For those who consider NPR a "liberal bastion", know that the times they are a changing. Give to Air America instead with your donations perhaps?

No. I am very liberal in my political and social views. I still wouldn't listen to Air America even if they did broadcast in my area. For the same reason I don't read AdBusters or IndyMedia any more. I enjoy some semblance of impartiality and balance in my news. NPR may have a liberal bias, but I for one prefer my news bias kept in the background, not trumpted with much bombast for all to hear.
posted by falconred at 11:27 AM on May 26, 2004


Elite sources dominated NPR’s guest-list. These sources—including government officials, professional experts and corporate representatives—accounted for 64 percent of all sources.

Would somebody explain to me why 1) this is evidence that NPR somehow lacks diversity, and 2) this is a bad thing? NPR News is just that, a news organization. Surely their definition and perception of what fits in a news show is not going to be miles away from that of, say, ABC News. You wanna do a story about Bush's proposal to drill for oil in ANWR? You're probably going to need to talk to somebody from the EPA, if for no other reason than to give the gov't a chance to repond to any charges being levelled at them by the Sierra Club, or whoever else you've talked to. You wanna do an in-depth story on how the current budget bill is going to impact those below the poverty line in your city? You'll most likely need to interview somebody from HUD, somebody from your state's Senator's office, maybe your state's Governor, and so on. To not talk to these people and find out at least what their official position is would be bad journalism.

The increase comes largely in the general public category. These are “people in the street” whose occupations are not identified and who tend to be quoted more briefly than other sources—often in one-sentence soundbites.

I'd like to see the "man-on-the-street" interviews go the way of the dodo for every news organization everywhere. They are almost always the most uninformative part of any story they're included in. About the only thing I find more annoying is a journalist reporting on the "mood here in [cityX]."

Like a lot of people, I listen to NPR because it's an alternative to the shrill, dumbed-down content of commercial radio, not because it has a particular political point of view. If, by some miracle, there was a right wing radio station that covered the breadth of topics that NPR does, I'd listen to that too.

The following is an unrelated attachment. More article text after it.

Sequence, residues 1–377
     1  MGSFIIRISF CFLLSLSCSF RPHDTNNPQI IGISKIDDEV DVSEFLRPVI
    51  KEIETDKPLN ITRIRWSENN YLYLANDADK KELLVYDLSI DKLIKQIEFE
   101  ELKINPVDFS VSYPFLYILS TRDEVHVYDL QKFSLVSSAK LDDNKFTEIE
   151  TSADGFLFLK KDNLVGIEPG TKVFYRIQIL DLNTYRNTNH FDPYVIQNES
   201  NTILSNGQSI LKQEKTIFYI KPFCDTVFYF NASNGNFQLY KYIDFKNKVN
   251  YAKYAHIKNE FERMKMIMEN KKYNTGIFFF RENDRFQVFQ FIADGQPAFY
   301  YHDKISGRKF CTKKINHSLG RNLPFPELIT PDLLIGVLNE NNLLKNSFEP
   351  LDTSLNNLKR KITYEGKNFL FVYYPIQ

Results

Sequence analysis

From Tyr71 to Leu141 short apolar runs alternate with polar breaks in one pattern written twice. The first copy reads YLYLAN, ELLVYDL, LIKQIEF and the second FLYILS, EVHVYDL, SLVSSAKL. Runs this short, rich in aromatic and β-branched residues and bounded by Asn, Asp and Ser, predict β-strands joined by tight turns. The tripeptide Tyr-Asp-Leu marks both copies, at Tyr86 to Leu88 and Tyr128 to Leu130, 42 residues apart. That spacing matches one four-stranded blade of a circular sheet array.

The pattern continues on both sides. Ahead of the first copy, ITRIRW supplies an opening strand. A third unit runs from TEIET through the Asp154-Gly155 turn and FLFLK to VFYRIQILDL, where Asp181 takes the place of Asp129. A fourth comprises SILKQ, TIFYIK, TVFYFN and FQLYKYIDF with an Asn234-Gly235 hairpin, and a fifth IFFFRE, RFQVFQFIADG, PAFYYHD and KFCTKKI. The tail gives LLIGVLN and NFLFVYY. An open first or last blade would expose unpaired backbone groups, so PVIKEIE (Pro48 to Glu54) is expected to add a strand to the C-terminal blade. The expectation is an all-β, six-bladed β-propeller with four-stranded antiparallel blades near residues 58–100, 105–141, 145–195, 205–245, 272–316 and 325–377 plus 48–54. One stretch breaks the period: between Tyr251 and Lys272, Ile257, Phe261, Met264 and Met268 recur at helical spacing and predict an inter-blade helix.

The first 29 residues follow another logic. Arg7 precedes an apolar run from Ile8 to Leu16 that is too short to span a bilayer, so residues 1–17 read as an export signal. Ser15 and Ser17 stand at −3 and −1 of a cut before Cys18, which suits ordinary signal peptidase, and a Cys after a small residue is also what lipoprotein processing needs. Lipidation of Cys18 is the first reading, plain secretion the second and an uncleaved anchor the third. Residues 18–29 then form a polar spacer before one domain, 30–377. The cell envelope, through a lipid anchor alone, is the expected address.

Yes. I actually enjoy hearing, say, David Corn and William Kristol appear on the Diane Rehm show, because they're not allowed to scream at each other, and instead have to actually try to make valid arguments. And whether I agree with Mr. Kristol or Mr. Corn or not, it's usually more educational to listen to them together than it would be listening to each one individually.

I really think that, due in part to its unfortunate position as a punching bag for Republican scum like Gingrich and know-nothing blowhards like Cal Thomas and Bill O'Reilly, NPR has bent over backwards to keep itself in the political middle.

One last thing: that FAIR website's designer should be flogged; the dark portion of the background tile repeats underneath text if your browser is wide enough, making the right side of the column unreadable. A read through a web-design book is in order.
posted by deadcowdan at 11:40 AM on May 26, 2004


PardonYou - the difference between the media outlets I just cited and media on the US right such as FOX is that the prior do not manufacture facts out of thin air, and they will often even try to correct factual errors to the extent that they have the resources for original reporting (as opposed to news aggregation).
posted by troutfishing at 11:43 AM on May 26, 2004


troutfishing, your criterion for urging a letter to NPR was "impartiality," not "accuracy." I was pointing out the irony of sending a "get lost" letter to NPR on the basis of a lack of "impartiality," then going to the sources you listed. You aren't seriously contending that Air America, Buzzflash, and Counterpunch are more "impartial" than NPR, are you?
posted by pardonyou? at 11:52 AM on May 26, 2004


Actually, I'm not concerned as to whether they're biased either left or right, and as they're accused of both, they must be in the middle somewhere; it's just bad radio.

carter - what exactly, then is good radio? clear channel?

npr rocks. plain and simple. is it perfect? not at all (the Bob Edwards blunder, for example). But it does actually make me feel smarter after listening, the 'commercials' are completely tolerable, and it's obvious the reporters, if not some of the commentators, make every effort to be relatively objective, Good Journalists. They even have an active ombud. While my favorite shows (On the Media, TAL, Fresh Air, Morning Becomes Eclectic, Car Talk) are non-news shows, even NPR news is at best completely engaging (listen to Driveway Moments) and at worst an excuse to actually listen to cd's while I'm driving. Especially when compared to the rest of the radio dial, NPR keeps me going when I'm sick and tired of the media stupidity we're berated with on a daily basis.


Also, for the fellow junkies out there, this site is amazing if you like listening at work: publicradiofan.com
posted by skechada at 12:33 PM on May 26, 2004


There's a difference? Read the definition of "liberal."

Which definition:

"Classical Liberal" (e.g. Thomas Jefferson)?

or

"Socialist Liberal" (e.g. Hillary Clinton)?


Yes, there is a difference!
posted by ZenMasterThis at 12:39 PM on May 26, 2004


pardon - I'd make the distinction between coverage that is openly partisan and coverage which claims impartiality but, in fact, often advances a covert agenda.